bacon


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Related to bacon: Francis Bacon

bacon,

flesh of hogs—especially from the sides, belly, or back—that has been preserved by being salted or pickled and then dried with or without wood smoke. Traditionally, the process consisted of soaking the pork in brine or rubbing it in a salt mixture by hand, then smoking the sides in smoke from an open chimney. It sometimes took three or four months. Bacon is still home cured in some rural communities, but the bulk of its manufacture is carried on in large industrial meatpacking plants equipped to slaughter, dress, cure, smoke, and sell on a large scale. Bacon refers to different cuts in different countries. In the United States it usually means the side between the fifth rib and the hipbone. In Europe, the word bacon generally refers to one half of a fattened pig. Bacon has one of the highest fat contents of any cut of meat.

Bacon

1. Francis, Baron Verulam, Viscount St. Albans. 1561--1626, English philosopher, statesman, and essayist; described the inductive method of reasoning: his works include Essays (1625), The Advancement of Learning (1605), and Novum Organum (1620)
2. Francis. 1909--92, British painter, born in Dublin, noted for his distorted, richly coloured human figures, dogs, and carcasses
3. Roger. ?1214--92, English Franciscan monk, scholar, and scientist: stressed the importance of experiment, demonstrated that air is required for combustion, and first used lenses to correct vision. His Opus Majus (1266) is a compendium of all the sciences of his age
References in classic literature ?
They tried to argue it away by reminding conscience that they had purloined sweetmeats and apples scores of times; but conscience was not to be appeased by such thin plausibilities; it seemed to them, in the end, that there was no getting around the stubborn fact that taking sweetmeats was only "hooking," while taking bacon and hams and such valuables was plain simple stealing -- and there was a command against that in the Bible.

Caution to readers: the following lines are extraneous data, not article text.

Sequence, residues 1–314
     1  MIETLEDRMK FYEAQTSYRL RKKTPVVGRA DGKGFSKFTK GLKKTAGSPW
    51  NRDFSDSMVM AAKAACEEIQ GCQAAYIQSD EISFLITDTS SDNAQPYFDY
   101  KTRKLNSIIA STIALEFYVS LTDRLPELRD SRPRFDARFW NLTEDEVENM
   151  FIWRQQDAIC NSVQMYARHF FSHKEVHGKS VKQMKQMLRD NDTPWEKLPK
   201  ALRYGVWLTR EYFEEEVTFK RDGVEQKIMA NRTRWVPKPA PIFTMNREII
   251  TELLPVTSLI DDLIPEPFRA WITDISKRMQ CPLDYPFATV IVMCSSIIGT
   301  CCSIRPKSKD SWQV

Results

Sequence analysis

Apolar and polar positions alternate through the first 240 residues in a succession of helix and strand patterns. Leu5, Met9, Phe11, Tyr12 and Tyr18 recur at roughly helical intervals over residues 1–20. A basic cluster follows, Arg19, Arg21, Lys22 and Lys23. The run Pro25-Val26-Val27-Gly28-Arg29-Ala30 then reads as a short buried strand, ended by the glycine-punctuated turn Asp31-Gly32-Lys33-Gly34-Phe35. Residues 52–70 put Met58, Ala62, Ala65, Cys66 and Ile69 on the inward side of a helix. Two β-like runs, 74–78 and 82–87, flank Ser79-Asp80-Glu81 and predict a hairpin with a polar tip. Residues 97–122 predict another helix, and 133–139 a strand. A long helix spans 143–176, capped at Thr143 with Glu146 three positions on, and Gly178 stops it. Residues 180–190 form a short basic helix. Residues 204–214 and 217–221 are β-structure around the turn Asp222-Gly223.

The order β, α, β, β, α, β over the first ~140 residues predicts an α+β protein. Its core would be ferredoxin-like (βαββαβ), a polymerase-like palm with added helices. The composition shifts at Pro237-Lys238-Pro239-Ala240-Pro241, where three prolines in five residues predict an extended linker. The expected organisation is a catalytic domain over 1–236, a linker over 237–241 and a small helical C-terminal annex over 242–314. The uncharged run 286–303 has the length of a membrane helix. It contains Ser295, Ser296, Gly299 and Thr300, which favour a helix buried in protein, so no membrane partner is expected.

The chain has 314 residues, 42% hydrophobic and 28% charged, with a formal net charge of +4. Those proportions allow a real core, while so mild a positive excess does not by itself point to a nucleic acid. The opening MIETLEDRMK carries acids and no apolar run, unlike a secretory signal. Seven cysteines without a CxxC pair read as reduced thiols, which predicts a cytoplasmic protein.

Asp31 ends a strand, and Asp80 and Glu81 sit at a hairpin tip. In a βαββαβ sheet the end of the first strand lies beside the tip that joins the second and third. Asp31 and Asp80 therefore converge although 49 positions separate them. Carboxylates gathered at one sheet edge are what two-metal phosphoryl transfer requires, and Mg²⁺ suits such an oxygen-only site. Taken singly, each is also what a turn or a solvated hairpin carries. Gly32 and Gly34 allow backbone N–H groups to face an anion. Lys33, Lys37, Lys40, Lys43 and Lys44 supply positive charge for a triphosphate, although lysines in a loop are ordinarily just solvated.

Warmed-over flapjacks, warmed-over beans, fried bacon, and coffee composed the breakfast.
This was the cue for Samuel Bacon, who advanced across the sawdust, awkward and grinning and embarrassed, and apparently was helped up to the stage by the extended hand of Collins.
She bustled around, opening a tin of breakfast bacon and preparing to fry it.
Let me have some now, please," I begged; and I ate the raw bacon on a slice of bread, while her husband explained that the demands of the I.
Better beans and bacon in peace than cakes and ale in fear.
It was upon a cold day in January in 1560 that Francis Bacon "came crying into the world.
Plato among the Greeks, like Bacon among the moderns, was the first who conceived a method of knowledge, although neither of them always distinguished the bare outline or form from the substance of truth; and both of them had to be content with an abstraction of science which was not yet realized.
and let me have the bacon cut very nice and thin; for I can't endure anything that's gross.
In Cypher's she belonged--in the bacon smoke, the cabbage perfume, the grand, Wagnerian chorus of hurled ironstone china and rattling casters.
But to be a town councilor and discuss how many dustmen are needed, and how chimneys shall be constructed in the town in which I don't live--to serve on a jury and try a peasant who's stolen a flitch of bacon, and listen for six hours at a stretch to all sorts of jabber from the counsel for the defense and the prosecution, and the president cross-examining my old half-witted Alioshka, 'Do you admit, prisoner in the dock, the fact of the removal of the
Here's a bit o' nice victual, then," said the old woman, handing to Maggie a lump of dry bread, which she had taken from a bag of scraps, and a piece of cold bacon.